In Asian Equity Markets Japan’s Nikkei index broke through the 20,000-point barrier for the first time since December 2015 on Friday after a batch of strong U.S. economic data lifted Wall Street and the U.S. currency against the yen. The Nikkei swept through 20,000 in early trade making a 1.3 percent advance to 20,115.23, its highest level since August 2015. The index was poised to post weekly gains of 2.1 percent. MSCI’s broadest index of Asia-Pacific stocks outside Japan gained 0.6 percent. Hong Kong’s Hang Seng Index rose 0.41 percent, but the Shanghai Composite eaed 0.26 percent.
In Currency Markets the dollar hit a one-week high against the yen on Friday after upbeat U.S. private sector job figures, while the closely-watched non-farm payrolls report out later in the global day could provide another boost. The dollar hit 111.680 yen, its highest since May 26, in early trade before falling back to 111.580, to hold a 0.2 percent gain on the day. The euro was little changed at $1.1217 after losing 0.3 percent the previous day. The Australian dollar was 0.2 percent higher at $0.7388, taking back some ground following its sharp slide on Thursday. The New Zealand dollar was 0.1 percent higher at $0.7072 after it was also hit by the lacklustre Chinese numbers.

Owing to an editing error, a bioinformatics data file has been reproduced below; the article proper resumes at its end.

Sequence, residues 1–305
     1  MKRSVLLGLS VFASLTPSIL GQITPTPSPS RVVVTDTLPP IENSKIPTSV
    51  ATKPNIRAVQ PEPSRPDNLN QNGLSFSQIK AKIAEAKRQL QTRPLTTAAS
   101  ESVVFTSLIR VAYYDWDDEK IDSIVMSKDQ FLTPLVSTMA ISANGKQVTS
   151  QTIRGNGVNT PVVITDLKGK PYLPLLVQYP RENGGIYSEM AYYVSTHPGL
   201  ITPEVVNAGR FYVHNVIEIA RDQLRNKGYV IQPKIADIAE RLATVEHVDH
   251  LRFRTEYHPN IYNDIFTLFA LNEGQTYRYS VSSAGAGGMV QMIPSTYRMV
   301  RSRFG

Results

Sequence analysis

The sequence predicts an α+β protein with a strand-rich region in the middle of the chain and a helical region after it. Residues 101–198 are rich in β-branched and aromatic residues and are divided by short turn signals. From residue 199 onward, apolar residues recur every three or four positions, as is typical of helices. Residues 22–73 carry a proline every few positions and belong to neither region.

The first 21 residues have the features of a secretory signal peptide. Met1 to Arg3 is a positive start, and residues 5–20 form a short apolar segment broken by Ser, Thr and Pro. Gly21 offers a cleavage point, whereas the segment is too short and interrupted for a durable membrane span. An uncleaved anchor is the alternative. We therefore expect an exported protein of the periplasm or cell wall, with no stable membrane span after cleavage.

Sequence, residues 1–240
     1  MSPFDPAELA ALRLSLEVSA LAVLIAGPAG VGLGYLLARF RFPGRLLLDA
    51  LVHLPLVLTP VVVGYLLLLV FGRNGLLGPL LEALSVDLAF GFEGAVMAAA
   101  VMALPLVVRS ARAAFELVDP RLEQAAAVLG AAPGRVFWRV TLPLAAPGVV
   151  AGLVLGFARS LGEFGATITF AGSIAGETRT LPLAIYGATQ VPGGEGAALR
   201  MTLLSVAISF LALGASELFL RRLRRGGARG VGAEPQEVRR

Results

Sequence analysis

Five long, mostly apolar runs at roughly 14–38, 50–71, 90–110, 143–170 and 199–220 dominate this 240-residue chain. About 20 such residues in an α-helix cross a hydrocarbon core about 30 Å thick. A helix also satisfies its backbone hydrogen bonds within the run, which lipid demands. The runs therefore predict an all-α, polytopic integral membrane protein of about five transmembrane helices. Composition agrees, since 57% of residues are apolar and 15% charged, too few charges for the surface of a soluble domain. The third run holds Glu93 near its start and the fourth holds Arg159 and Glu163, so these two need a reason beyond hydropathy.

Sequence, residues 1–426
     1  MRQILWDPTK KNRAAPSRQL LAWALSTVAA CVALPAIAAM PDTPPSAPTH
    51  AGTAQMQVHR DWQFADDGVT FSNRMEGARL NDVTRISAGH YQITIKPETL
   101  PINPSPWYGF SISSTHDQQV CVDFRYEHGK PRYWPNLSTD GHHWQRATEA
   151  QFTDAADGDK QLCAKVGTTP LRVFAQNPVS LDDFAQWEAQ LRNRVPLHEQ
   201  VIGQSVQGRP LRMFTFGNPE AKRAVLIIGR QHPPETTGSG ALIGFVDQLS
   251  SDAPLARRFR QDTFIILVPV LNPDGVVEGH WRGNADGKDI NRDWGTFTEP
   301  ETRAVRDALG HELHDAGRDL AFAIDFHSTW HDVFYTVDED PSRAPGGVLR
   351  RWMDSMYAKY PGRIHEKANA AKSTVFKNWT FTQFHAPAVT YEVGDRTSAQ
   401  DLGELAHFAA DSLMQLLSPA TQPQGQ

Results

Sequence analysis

In Commodities Markets oil prices fell on Friday amid worries that U.S. President Donald Trump’s decision to abandon a global climate pact could spark more crude drilling in the United States, stoking a persistent glut in global supply. Global benchmark Brent crude futures were down 0.45 percent, at $50.4 a barrel. U.S. West Texas Intermediate crude futures lost 0.54 percent, to $48.1 per barrel. Crude stockpiles were down to 6.4 million barrels in the week to May 26, beating analyst expectations for a decrease of 2.5 million barrels. Spot gold lost 0.3 percent to $1,260.96 per ounce. Among other precious metals, silver was down 0.9 pct for the week and platinum 2.8 percent.
In US Equity Markets stocks advanced on Thursday, with each of the major U.S. indexes notching record highs, after a batch of economic data suggested the economy was picking up speed. The Dow Jones Industrial Average rose 0.65 percent, to end at 21,144.18, the S&P 500 gained 0.76 percent, to 2,430.06 and the Nasdaq Composite added 0.78 percent, to 6,246.83. Deere’s shares were up 1.8 percent after the farm and construction major said it would buy privately held German road construction company Wirtgen Group for $5.2 billion, including debt. Hewlett Packard Enterprise lost 6.9 percent after the company reported a steep fall in quarterly revenue.
In Bond Markets Japanese government bond prices fell on Friday as Tokyo stocks rose to a near two-year high and diminished the appeal of safe-haven debt. The benchmark 10-year JGB yield was up half a basis point at 0.055 percent, its highest since April 10. The 30-year yield also rose half a basis point, to 0.815 percent. The benchmark 10-year Treasury yield was marginally higher at 2.22 percent, but was still a long way from this year’s high above 2.60 percent seen in March.
- 09:30 GMT+1 UK Construction PMI
- 13:30 GMT+1 CAD Trade Balance
- 13:30 GMT+1 US Average Hourly Earnings m/m
- 13:30 GMT+1 US Non-Farm Employment Change
- 13:30 GMT+1 US Unemployment Rate